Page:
Valentine’s Day brings to mind images of hearts, flowers, and loads of pink. But we’re not here to talk about that. We’re all about the kiss –– and more specifically, a clean, sparkling mouth. How to get it? Brush twice daily for two minutes each time, floss, rinse with an antimicrobial mouthwash, and chew sugar-free gum in a pinch. For more on Valentine’s Day healthy mouth tips go here.
Wishing you a happy one.
Did you know that one third of dental injuries are sports related? It’s true. So how can you protect your teeth and mouth in contact sports? The answer is a custom fit sportsguard/mouthguard, which can help you to avoid injury and in turn, dental visits. Sportsguards not only protect your teeth, but your tongue, lips, face and jaw too. A 2014 study in an issue of General Dentistry showed that a custom-made, properly fitted, pressure-laminated mouthguard may also reduce the incidence of sports-related concussions.
Mouthguards are used in sports including football, basketball, lacrosse, water polo, and ice hockey among others. For more information on custom-fit sportsguards please call our office at 949 640 0300.
When it comes to teeth, ever wonder what your dentist’s favorites are? Check out the whats and the whys of Dr. K’s top five below.
1) Sonicare toothbrush: Why? It’s a superior clean, removing plaque and keeping both teeth and gums healthy. No regular toothbrush can compete. She brushes with it twice daily for 2 minutes each time (and after lunch with a regular toothbrush).
2) Listerine Soft Mint: Why? It reduces plaque, bacteria, and keeps your breath fresh. She rinses with it twice a day.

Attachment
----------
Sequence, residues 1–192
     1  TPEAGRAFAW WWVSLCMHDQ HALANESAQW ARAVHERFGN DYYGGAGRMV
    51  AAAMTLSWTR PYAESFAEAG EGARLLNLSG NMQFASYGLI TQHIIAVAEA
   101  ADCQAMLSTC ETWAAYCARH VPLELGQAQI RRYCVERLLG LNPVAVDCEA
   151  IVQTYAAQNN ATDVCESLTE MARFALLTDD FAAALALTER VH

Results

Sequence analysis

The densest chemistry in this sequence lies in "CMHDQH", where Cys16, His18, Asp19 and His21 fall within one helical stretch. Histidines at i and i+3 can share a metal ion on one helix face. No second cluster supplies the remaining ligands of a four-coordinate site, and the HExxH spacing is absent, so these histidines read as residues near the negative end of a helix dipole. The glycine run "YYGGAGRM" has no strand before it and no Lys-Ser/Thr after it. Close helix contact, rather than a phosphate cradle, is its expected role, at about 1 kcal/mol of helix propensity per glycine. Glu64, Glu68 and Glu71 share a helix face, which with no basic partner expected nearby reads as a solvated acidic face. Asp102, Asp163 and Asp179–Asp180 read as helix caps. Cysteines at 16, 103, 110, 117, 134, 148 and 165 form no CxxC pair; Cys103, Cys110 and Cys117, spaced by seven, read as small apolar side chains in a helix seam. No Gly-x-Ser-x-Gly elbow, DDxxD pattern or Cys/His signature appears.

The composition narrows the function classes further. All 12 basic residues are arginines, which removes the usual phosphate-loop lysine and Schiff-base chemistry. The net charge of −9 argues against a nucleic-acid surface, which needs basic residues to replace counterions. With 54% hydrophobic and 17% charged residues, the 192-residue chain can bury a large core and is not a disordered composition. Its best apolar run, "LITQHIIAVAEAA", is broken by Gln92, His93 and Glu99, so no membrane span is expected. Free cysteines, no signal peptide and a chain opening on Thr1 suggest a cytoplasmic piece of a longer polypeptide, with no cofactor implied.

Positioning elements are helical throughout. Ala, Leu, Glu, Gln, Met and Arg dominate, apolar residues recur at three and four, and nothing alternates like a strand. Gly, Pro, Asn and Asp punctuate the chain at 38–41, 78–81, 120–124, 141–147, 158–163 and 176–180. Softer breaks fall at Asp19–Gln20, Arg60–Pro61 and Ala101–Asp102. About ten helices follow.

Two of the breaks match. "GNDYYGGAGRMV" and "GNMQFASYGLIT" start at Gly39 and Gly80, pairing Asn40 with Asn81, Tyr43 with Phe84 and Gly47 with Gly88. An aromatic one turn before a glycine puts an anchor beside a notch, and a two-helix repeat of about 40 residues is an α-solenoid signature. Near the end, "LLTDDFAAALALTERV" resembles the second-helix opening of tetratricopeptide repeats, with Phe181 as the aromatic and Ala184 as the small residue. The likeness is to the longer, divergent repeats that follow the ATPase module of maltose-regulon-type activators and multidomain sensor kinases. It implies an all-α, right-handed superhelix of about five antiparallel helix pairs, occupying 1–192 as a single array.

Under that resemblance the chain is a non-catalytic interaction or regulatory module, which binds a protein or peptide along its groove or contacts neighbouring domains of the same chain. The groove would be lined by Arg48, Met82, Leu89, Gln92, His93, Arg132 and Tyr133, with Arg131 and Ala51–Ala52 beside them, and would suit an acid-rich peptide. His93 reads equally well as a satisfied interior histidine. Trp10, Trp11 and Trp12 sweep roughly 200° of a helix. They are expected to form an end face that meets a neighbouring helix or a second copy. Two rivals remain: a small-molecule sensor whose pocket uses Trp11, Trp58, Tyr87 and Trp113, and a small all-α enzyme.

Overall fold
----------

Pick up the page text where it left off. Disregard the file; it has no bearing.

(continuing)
3) Opalescence toothpaste: Why? It’s an anti-cavity, surface stain removing toothpaste that tastes as good as it works. She uses it daily.
4) Opalescence teeth whitening gel: Why? Because it’s the best teeth whitener around. She uses it to touch up whitening after a cleaning.
5) Cocofloss: Why? It’s softer and easier to manage than regular floss and the flavors are fairly delicious. She uses it daily.
If someone asked you to name the worst teeth-staining foods and drinks out there you’d probably say coffee, tea, and red wine. And you’d be right. But there are other stealth stainers that might surprise you. Like what?
- LEMONADE: due to its high acidity, lemonade erodes enamel and leaves teeth vulnerable to staining.
- BERRIES: both blue and black, berries may scream summer but they also scream stains.
- WHITE WINE: yes, white wine –– it’s acidic and opens your teeth up to staining by other foods.
- POPSICLES: brightly colored and sugar filled, popsicles are a double dose of bad for your teeth.
- POOLS: who knew? The chemicals used in pools can give your teeth a brown hue.
- BALSAMIC VINEGAR: its dark color and high acidity make it one of the worst offenders.
- MARINARA SAUCE: acidic and tomato red, this sauce clings to both pasta and your teeth.
- COLA: brown, fizzy, acidic and pure sugar –– need we say more?
So what can you do? Indulge in your favorites, but aim for moderation. And make sure to rinse your mouth with water (to remove the acidity) before you brush your teeth.